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Votes To Approve BART Agreement Likely Won’t Happen Until New Year

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Passengers get off of a Bay Area Rapid Transit (BART) train as it arrives at the Daly City station. (Justin Sullivan/Getty Images)

Passengers get off of a Bay Area Rapid Transit (BART) train as it arrives at the Daly City station. (Justin Sullivan/Getty Images)

OAKLAND (CBS SF) — Votes on an agreement that would end eight months of strife between BART and its labor unions probably won’t be held until late next week, a transit agency spokesman said Monday.

BART and its two biggest unions reached a tentative agreement early Saturday morning but the transit agency’s board of directors most likely won’t vote on it until Jan. 2 at the earliest, BART spokesman Jim Allison said.

He said BART Board President Joel Keller wants the board to have a special meeting on Jan. 2 so the vote can be held then but a firm date probably won’t be set until after Christmas.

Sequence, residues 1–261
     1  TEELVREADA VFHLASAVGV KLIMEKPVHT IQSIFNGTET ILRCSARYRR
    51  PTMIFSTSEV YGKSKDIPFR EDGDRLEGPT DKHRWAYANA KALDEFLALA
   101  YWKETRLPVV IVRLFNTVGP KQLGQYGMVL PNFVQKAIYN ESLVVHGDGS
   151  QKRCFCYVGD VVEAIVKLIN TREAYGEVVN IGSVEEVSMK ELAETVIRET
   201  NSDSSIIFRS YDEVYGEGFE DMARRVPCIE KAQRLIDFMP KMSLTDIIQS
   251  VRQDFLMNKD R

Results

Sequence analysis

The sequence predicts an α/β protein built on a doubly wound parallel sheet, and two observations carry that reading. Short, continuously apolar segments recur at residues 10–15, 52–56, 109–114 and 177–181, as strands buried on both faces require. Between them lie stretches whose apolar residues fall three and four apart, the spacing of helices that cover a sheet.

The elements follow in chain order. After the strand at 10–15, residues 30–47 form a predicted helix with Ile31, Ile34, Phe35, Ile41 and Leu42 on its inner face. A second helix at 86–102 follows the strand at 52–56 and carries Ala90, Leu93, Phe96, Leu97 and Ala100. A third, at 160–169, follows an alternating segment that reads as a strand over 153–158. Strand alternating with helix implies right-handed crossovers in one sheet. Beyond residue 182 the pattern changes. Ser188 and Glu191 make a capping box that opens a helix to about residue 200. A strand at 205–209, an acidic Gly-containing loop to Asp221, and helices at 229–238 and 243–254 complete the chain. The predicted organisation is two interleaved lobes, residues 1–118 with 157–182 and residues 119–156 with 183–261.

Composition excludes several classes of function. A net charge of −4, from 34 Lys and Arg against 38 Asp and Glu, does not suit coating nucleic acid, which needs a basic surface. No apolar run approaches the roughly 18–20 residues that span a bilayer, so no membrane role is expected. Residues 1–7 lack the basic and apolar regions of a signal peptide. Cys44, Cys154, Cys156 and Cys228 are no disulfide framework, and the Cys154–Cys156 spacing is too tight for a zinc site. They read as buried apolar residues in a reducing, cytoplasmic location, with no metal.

The board’s next regular meeting is Jan. 9 so the board is trying to schedule a special meeting before then so it can vote on the tentative agreement, Allison said.

Members of Service Employees International Union Local 1021, which represents 1,430 mechanics, custodians and clerical workers, and Amalgamated Transit Union Local 1555, which represents 945 station agents, train operators and foreworkers, won’t vote until after the BART board votes, Allison said.

The tentative agreement resolves a dispute over a paid family medical leave provision that management said had been inserted in a previous tentative agreement by mistake but leaders of the two unions said was intended by all parties to be part of the pact.

The new agreement doesn’t include paid family medical leave but does expand paid time off for bereavement leave to include deaths of grandchildren or stepparents of a spouse or domestic partner.

The tentative pact also calls for the construction of break rooms in the Daly City, Millbrae and West Oakland stations and allows qualifying employees more flexibility in how they pay for the costs of their family medical leave, plus additional administrative changes to the contract.

BART General Manager Grace Crunican said in a statement, “After eight months of uncertainty for our riders, this deal will guarantee that every ounce of the agency’s focus will be directed to providing great service to the Bay Area during the peak holiday period and beyond.”

Union leaders couldn’t be reached for comment Monday.

Copyright 2013 by CBS San Francisco and Bay City News Service. All rights reserved. This material may not be published, broadcast, rewritten or redistributed.

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